Dale Earnhardt started all that, you know. Back in those days, there were so many more airplanes because everybody had an airplane. At least now, some drivers fly with their teams – like Martin Truex, he flies with his team. But if you didn't get to the airport, you'd line up on the runway with 30 planes in line, all going pbrrrrrr (imitates propeller sound).

SBN: So you think there are actually fewer planes now than there used to be?

KW: Before, it was a fad; it was a status symbol. You had to have a plane, you had to have a gold Rolex watch back in the late '90s.

I admire Martin Truex. He makes $6 million, $8 million bucks a year, but his father, Mr. Truex, has got him grounded. He built a nice shop, but he doesn't have his own airplane. And a lot of other guys could probably afford bigger airplanes.

You've got a handful of characters like my friend Denny Hamlin. Love him to death, but he overboards it. He's crazy. We laugh at him all the time. I love him, but he should have a sign that says, 'Look at my fuckin' airplane!'

Then I get on Jimmie Johnson all the time. I've seen him get off his airplane before by himself! He deserves it, of course, but it's an airplane that 10 people could probably get up and walk around in. He landed in Richmond and I laughed at him. I said, 'You mean to tell me that you didn't ask me to fly with you?' It was hilarious.

I think there are less private airplanes now, partly because the teams have stepped up. See, back then, the teams didn't have airplanes. Now all the teams have them, so a lot of these drivers would just be wasting $2 million or $3 million bucks a year by not using the team planes. Just wasting it.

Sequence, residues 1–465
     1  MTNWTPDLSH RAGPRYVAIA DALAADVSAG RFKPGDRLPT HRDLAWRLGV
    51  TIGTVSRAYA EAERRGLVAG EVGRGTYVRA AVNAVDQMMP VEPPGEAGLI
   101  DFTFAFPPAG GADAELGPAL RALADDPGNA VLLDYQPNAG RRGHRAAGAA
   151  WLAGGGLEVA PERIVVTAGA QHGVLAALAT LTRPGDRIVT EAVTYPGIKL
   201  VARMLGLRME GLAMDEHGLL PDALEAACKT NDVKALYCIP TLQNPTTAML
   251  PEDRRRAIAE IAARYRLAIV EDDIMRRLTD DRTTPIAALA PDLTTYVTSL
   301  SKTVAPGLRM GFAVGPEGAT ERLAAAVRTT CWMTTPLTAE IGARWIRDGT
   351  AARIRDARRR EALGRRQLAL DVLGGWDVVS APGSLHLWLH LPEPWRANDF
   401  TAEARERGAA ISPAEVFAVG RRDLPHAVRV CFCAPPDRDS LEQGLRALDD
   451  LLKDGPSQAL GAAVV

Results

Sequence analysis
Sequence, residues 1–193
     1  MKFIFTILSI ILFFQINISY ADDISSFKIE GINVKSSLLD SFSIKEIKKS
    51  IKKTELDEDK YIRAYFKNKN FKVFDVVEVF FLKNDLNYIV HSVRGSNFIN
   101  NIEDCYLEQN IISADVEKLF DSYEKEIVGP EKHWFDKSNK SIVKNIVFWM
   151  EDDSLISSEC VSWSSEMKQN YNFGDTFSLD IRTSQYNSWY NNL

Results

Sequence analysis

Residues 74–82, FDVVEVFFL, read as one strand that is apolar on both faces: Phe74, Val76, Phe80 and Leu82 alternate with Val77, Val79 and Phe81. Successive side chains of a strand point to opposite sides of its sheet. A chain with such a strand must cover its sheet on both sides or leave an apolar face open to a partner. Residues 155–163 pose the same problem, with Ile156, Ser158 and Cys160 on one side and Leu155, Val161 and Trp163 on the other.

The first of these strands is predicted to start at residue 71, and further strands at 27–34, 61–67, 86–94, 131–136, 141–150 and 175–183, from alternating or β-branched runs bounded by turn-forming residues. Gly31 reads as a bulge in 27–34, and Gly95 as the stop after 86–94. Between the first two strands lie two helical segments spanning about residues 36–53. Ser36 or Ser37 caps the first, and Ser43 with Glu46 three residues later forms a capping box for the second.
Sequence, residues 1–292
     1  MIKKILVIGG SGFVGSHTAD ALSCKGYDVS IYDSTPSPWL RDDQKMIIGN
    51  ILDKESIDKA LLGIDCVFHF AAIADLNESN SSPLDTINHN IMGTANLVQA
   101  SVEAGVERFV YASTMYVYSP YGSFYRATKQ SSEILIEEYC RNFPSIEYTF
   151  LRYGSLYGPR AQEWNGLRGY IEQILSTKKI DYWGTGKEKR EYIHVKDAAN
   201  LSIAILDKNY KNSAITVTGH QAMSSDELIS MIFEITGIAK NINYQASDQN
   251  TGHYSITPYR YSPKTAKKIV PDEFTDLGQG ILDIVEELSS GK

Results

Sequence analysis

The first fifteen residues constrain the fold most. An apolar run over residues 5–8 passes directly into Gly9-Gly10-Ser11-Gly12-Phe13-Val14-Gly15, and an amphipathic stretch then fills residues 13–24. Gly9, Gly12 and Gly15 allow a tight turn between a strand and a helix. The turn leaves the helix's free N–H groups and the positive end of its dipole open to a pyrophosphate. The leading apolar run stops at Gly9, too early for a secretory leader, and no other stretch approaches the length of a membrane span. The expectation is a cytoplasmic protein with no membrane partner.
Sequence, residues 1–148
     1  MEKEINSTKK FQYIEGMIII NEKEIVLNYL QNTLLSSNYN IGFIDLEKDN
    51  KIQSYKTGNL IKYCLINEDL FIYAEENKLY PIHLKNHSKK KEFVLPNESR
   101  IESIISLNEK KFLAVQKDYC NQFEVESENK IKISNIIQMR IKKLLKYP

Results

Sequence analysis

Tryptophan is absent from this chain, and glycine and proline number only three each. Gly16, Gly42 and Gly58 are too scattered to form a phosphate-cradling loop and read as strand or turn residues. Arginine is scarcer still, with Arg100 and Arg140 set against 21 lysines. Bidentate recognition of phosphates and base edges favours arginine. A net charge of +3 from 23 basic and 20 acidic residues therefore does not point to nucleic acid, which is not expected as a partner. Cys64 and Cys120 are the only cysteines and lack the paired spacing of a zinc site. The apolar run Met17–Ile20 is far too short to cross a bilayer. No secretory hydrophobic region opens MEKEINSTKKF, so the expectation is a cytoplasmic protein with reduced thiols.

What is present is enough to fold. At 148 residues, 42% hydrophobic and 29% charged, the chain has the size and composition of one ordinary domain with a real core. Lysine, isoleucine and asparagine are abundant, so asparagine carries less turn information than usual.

SBN: Who is somebody famous you'd like to meet that you haven't yet?

KW: Do they have to be alive?

SBN: You can take this any direction you want.

KW: John F. Kennedy, the president who was assassinated. I was born in 1963, and my entire childhood, my mom always used to say, 'You were born the year Kennedy got killed.' So I really, really get engrossed and fascinated with who assassinated him.

When we would go to Texas, me and my wife would take the rental car and drive to the book depository (from which Lee Harvey Oswald shot Kennedy). Oh my God, it gave me goosebumps.

SBN: So who killed Kennedy?

KW: I don't know. Part of me still feels like somebody had Oswald do it, and then they killed him to cover it up. That's what my belief is.

SBN: I thought you were going to pick Lady Gaga as your answer, based on some of your tweets.

KW: Well, I almost said that. I truly did. Lady Gaga, and then Steven Tyler would be second. And I'll tell you why: I'm truly fascinated by brains that are eccentric. I know those two are real serious; I know they are. But they're eccentric.

Musicians fascinate me. Anybody can sing a song. We watch American Idol, and there are millions of great singers. But what separates them? How does Taylor Swift get three million followers on Twitter? It's because they touch these people's lives.

I'm fascinated by what makes people tick; why people are they way they are. I'm off-centered in that area. Why is Ryan Newman so quiet and yet so funny, so dry-humored? Why can Jimmie Johnson focus so hard, but when he parties, he parties so hard and falls off a golf cart and breaks his wrist? What happened in their childhood to make them act the way they act?